I am surprised at the number of people who use the park as a stop over only. Do they miss out on a great experience!
I couldn't agree more with you!
Just spent the last 3 days in B/West, and visited the park 6x, just to relax before school starts again today!
I have thought about your quote for a very long time, and even wrote to Sanparks a number of years ago, and told them that ``Karoo NP will remain merely a convenient stopover between Cape Town and Johannesburg until they return all the animals that belong there, especially the predators like lions, then it will become a proper destination in itself''.
Much was my surprise when a while after that, the announcement came that lions were to be introduced to KNP, so that it would no longer ``only be a convenient stopover between Cape Town and Johannesburg, but a destination in its own right.'' I know this caused serious dissent among KNP lovers, and I can understand why -- the Karoo is a place where you need to walk and listen... and with lions around, that is not so easy anymore!
The lions are back, and driving in the park has an exciting edge to it, but there are still a few things missing...
Imagine going to the Kgalagadi transfrontier Park, with ONLY the following facilities:
Twee Rivieren camp/The road to Rooiputs/ the road to Houmoed/1 chalet near Kieliekrankie on a 4x4 route. No leopards, no cheetahs, 8 lions plus the usual general wildlife and...
Honestly -- how many people would bother to travel from Cape Town or Johannesburg or Germany to go and see that?
Now change the name from Kgalagadi to Karoo. We have the same recipe, and expect people to spend more time there...?
* Honestly -- there are only 2 loops to drive (1 is currently half-closed),
* NO waterholes shown on maps, NO `waterholes' (only a derelict old cement dam plus trough x2, leftovers from previous farms) near the road where animals and birds like sandgrouse can be photographed or viewed while drinking…
* Spread 2 groups of lions over 80 000 hectares, where they mostly prefer the remote, mountain areas… plus a few black rhinos and buffalos hiding in an inaccessible spot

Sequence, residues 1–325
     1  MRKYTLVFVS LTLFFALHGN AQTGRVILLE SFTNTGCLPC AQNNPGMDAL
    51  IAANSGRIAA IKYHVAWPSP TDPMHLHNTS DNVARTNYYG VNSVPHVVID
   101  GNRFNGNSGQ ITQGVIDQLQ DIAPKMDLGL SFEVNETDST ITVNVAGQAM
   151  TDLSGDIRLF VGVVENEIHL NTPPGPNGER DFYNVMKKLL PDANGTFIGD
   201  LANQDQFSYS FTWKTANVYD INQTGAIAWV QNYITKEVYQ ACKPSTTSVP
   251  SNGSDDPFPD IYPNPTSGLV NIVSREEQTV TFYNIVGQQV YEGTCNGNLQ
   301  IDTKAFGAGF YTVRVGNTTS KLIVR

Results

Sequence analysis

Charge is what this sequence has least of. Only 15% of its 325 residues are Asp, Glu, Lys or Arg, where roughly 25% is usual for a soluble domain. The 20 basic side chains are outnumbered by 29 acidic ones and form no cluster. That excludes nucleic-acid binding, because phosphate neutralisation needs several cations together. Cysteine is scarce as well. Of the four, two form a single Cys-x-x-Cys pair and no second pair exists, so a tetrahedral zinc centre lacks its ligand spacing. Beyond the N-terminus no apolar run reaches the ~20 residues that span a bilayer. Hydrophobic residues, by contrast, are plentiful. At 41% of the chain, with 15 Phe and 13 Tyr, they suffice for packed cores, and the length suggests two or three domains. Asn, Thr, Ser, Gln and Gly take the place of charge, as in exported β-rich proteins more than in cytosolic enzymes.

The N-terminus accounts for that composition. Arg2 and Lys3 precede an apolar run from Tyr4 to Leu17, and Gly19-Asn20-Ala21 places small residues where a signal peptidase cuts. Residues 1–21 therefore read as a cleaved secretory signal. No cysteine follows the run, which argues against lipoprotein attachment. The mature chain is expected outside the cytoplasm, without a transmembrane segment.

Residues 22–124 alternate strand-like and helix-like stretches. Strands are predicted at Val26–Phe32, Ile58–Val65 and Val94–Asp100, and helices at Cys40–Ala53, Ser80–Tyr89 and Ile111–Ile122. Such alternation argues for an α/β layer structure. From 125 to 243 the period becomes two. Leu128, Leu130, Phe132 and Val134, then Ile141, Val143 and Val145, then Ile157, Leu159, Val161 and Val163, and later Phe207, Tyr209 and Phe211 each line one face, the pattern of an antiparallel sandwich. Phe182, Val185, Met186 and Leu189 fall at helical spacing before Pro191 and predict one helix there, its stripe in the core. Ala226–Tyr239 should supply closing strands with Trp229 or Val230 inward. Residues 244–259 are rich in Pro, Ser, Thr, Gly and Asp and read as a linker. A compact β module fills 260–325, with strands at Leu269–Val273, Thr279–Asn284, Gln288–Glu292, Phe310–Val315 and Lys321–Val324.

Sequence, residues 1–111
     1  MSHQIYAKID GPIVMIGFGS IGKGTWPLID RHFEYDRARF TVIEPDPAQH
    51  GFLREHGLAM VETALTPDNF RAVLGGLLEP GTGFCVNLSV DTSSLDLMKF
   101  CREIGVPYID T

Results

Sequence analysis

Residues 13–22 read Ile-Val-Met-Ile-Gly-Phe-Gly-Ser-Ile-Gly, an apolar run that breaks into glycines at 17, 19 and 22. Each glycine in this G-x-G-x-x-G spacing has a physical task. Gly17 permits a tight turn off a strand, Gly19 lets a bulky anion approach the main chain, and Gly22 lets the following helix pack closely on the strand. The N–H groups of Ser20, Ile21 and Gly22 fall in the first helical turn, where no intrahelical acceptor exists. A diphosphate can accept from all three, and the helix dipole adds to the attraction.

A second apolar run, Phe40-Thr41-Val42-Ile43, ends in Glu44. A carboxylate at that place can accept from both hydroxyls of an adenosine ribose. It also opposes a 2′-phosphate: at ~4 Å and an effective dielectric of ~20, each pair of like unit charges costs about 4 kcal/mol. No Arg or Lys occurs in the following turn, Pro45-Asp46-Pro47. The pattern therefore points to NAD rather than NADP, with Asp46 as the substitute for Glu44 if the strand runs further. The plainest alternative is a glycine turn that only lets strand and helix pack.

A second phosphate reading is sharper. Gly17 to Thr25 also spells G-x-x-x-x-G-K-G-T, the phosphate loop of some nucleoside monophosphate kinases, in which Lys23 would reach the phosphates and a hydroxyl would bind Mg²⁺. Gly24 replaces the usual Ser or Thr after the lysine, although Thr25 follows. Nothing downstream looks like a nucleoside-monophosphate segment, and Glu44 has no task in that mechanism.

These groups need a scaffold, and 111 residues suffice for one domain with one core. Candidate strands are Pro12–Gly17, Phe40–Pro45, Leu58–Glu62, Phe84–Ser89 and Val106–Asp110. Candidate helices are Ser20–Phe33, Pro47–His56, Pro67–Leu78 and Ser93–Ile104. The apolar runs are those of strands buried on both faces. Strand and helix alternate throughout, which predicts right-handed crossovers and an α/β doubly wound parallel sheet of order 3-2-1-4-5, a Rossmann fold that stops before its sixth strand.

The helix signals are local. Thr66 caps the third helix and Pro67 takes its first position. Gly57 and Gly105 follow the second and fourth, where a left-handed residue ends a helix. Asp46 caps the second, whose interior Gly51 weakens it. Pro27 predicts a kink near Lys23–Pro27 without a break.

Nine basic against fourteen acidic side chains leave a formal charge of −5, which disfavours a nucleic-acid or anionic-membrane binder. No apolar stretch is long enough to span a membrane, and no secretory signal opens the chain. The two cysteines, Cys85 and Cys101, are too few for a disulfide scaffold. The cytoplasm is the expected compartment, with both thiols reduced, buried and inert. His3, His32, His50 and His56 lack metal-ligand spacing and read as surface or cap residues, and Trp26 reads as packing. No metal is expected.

* Stop your vehicle on either of the loops, switch off the engine and listen to… the sound of trucks on the N1 in the background! Try to photograph the beautiful zebras on the first loop, and you find B/west or trucks on the N1 in the background!
*The true wilderness areas are on the 4x4 route, or around the corner into Doornhoek picnic spot, where you feel truly remote and cut off from our rushed world, but most visitors can’t go on that (easy) 4x4 route…
The only solution I can see is that there needs to be at least 1 more proper loop into the western interior of the park, up to the Leeu river, with at least a small campsite there at a central point where animals come down to drink, so that visitors have more options and incentives to investigate this beautiful park better.
*Plus bring in the missing springbok (I saw more zebras than springbuck!) plus leopards plus cheetahs, and eventually even wild dogs??? These predators can keep each other in check, and make the park more attractive to visitors!
* Considering that such an inordinate percentage of the park is inaccessible mountainous terrain, a very special 3 day guided hike could cover this magnificent area on foot...
I can see the day when true nature loving Capetonians don’t bother driving all the way to Kgalagadi anymore, but zip off to Beaufort West for the weekend to enjoy their wilderness experience in this stunning park with its huge sky and towering blue mountains…
Friedrich von Hörsten